CHARLESTON, W.Va. — What was Tropical Storm Irma, the storm downgraded from the powerful hurricane that made landfall twice in Florida, continued to lose strength on Monday as it pushed through the southern United States while dumping heavy rain.
“It’s now a tropical storm and then it’s going to become a depression and, by the time it gets here, it’s going to be just remnants, just moisture associated with it,” said Andy Roche, a meteorologist with the National Weather Service in Charleston, on Monday morning.
After “light to moderate” Irma rain from Monday night into Tuesday followed by a break late Tuesday into Wednesday, Roche said West Virginia’s southern and central higher elevations especially would then see some high winds by Thursday, with possible gusts of 30 miles per hour.
On Monday morning, Irma weakened to a tropical storm as it moved into northern Florida.
— WVDMAPS (@WVDMAPS) September 11, 2017
The latest available track had the system on a path toward the mid-Mississippi Valley by Wednesday, staying to the southwest of West Virginia, while rapidly losing strength.
Roche said the system was getting increasingly disorganized.
“The precipitation got moved toward the north,” he explained. For West Virginia, “It just seems to be just a rain producer system with a little bit of wind. We’re not expecting any major hazards with it.”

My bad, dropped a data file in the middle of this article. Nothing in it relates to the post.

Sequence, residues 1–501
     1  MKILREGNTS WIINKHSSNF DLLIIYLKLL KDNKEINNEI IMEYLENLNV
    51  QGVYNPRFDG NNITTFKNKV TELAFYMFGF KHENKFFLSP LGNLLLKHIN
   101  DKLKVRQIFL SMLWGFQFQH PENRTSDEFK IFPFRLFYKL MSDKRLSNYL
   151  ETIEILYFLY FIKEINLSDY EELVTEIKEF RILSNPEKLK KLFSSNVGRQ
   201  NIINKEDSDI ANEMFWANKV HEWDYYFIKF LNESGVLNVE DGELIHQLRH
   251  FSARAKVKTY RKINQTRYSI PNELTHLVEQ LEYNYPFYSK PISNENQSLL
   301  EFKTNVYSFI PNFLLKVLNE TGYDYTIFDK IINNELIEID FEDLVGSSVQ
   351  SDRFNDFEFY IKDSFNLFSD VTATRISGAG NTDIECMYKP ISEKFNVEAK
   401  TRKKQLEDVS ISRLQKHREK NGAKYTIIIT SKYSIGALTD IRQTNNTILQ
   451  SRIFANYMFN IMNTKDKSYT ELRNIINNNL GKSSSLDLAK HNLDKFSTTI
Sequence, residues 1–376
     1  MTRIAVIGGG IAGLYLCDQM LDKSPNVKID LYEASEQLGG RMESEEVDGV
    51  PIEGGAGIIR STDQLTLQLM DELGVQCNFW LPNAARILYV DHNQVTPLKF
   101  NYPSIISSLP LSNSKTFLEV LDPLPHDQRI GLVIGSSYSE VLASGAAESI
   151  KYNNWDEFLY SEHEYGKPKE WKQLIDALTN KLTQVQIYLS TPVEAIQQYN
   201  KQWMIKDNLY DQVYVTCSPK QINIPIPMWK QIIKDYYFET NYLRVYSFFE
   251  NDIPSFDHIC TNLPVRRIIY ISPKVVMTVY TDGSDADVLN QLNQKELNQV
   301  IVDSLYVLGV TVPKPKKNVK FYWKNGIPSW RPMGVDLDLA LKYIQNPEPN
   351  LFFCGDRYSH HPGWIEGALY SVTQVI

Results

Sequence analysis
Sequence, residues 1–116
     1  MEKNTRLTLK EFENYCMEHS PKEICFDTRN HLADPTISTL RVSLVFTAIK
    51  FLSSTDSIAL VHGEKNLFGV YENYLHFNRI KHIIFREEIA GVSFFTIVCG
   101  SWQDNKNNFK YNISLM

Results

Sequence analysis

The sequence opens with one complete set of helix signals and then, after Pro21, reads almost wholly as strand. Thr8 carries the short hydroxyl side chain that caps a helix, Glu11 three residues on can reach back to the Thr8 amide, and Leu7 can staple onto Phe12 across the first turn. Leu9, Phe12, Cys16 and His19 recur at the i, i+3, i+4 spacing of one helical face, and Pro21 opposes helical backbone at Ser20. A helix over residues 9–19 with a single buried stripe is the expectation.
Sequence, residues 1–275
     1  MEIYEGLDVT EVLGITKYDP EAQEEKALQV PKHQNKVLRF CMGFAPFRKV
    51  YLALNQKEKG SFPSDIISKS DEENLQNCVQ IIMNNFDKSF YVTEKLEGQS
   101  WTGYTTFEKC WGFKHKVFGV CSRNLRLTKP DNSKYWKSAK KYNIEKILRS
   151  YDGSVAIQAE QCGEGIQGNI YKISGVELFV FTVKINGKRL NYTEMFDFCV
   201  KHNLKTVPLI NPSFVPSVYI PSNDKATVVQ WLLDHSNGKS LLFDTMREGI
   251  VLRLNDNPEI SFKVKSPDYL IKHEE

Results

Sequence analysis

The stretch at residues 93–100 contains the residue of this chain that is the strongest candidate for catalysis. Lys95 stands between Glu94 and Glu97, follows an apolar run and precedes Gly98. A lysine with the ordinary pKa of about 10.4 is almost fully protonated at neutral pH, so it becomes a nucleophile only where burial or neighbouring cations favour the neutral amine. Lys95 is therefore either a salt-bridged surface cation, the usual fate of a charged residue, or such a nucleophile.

For the entire week, meteorologists said rain totals in West Virginia would not exceed one inch.
The National Weather Service had issued a Wind Advisory for Mercer County from 12 p.m. Monday through 9 a.m. Tuesday.
The Wind Advisory was necessary for that time period due to possible gusts of up to 50 miles per hour combined with wet ground that could possibly down trees and lead to power outages, according to forecasters.
Roche said he did not anticipate such Wind Advisories being necessary for the Mountain State later this week.
At least five deaths in Florida and more than two dozen in the Caribbean were being blamed on Hurricane Irma which remained a hurricane for 12 days.